March 22, 2004

The Return

And, what can be said of the need for prayer every day in the life of the pilgrim when he or she returns home? The Camino is a school for life, not a parenthesis within it. One is a pilgrim from the time the Camino is undertaken, but, later at home, one is still a pilgrim. It is not possible to set out on a walk away from God. All of life is a goal, with Him, toward Him, in His presence.

During these five years, we have received many letters, emails, and postcards from pilgrims once they return home. Sometimes, even two years later.

Almost all express their gratefulness for the moments they experienced in the refuge, but they especially tell us of their post-Camino difficulties. They feel alone, not understood, sad. Everything seems difficult and inhumane. They would like to return to the Camino to feel like real men and women.

We tell them that they can return to the refuge for a few days to “digest” their Camino experience in silence and prayer.

We need sites, maybe even the refuges themselves during the low season, where we can welcome people, for a few days, who have returned from Santiago and are dealing with the difficult task of returning to normal life. It can even serve as a place where their significant other, parents, or children who, having stayed home during the Camino, can experience the magnitude of what happened, even if only on a small scale. Many pilgrims are not aware that the most difficult stage of the Camino is the return home because the yellow arrows that showed the way are no longer there. They are there, but the pilgrims do no know where to look or the commotion of the city or “normal” life does not let them see. They do not have available the necessary conditions we spoke of earlier that allow the pores of the spirit to open and allow the grace of God to enter. That is the time when prayer is even more important.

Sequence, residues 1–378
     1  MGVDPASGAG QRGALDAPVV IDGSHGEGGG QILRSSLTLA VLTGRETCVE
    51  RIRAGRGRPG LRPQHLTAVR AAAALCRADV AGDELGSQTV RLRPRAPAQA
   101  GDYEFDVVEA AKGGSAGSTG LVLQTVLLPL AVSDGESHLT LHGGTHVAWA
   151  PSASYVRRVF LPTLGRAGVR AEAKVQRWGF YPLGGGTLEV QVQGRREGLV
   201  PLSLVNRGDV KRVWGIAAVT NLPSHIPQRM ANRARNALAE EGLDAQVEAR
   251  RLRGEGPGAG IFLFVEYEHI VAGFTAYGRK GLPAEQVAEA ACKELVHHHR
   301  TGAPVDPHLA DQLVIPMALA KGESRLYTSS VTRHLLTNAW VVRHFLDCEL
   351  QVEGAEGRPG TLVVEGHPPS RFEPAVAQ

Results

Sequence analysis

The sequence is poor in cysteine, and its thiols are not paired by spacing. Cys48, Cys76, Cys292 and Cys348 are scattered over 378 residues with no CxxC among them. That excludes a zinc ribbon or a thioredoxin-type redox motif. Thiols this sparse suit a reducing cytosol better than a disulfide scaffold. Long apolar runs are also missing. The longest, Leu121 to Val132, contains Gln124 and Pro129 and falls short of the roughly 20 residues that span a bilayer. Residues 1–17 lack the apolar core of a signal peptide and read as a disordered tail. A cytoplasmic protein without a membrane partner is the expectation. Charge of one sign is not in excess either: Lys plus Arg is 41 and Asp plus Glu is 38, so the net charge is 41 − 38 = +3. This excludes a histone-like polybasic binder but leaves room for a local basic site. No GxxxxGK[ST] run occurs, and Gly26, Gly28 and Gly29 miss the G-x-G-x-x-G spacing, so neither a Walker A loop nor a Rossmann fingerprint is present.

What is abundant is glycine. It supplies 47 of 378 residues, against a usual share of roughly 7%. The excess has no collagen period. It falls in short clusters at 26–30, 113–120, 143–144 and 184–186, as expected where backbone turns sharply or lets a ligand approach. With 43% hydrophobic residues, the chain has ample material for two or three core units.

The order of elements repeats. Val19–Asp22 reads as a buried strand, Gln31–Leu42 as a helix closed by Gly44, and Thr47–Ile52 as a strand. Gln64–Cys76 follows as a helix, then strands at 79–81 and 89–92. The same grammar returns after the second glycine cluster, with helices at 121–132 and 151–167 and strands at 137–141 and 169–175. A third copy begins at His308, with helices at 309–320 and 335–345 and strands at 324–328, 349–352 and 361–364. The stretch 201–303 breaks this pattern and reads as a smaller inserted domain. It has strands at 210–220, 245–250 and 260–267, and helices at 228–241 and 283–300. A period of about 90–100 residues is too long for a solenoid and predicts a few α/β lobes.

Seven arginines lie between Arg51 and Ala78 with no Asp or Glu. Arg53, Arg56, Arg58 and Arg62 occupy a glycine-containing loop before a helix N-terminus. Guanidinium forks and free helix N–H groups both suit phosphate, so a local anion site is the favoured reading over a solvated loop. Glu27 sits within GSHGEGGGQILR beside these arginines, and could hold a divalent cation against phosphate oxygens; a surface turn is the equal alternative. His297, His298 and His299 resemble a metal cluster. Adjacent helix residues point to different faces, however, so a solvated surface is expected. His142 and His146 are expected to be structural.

It would also be good to have places in churches in large parishes where pilgrims could get together on a regular basis for times of prayer, reflection, and to share experiences. The grace that they would encounter would help them continue their life Camino. In this way we can help pilgrims who have returned home to discover the truths of the Camino.
  • We are pilgrims, always on the road to a goal.
  • The key to life is to believe in that which is the Source of everything.
  • There are many things that hinder our walking; we have to let go.
  • We are not walking alone in life; many pilgrims are walking with us.
  • Life, people, nature; everything is a gift that we must welcome and nurture.
  • We learn how to be a pilgrim on the Camino, but we can live like pilgrims in our daily life.

The idea is to help them continue to feel like pilgrims, to keep seeing how good it is to live with a light load, that happiness is not in having but in being and giving, to make them see that the truths of the Camino must be put into practice, that home, the workplace, the street, and the places they go to have fun will be their new Camino, that we have to continue to believe in miracles, and that Jesus is the Way, the Truth, and the Life.

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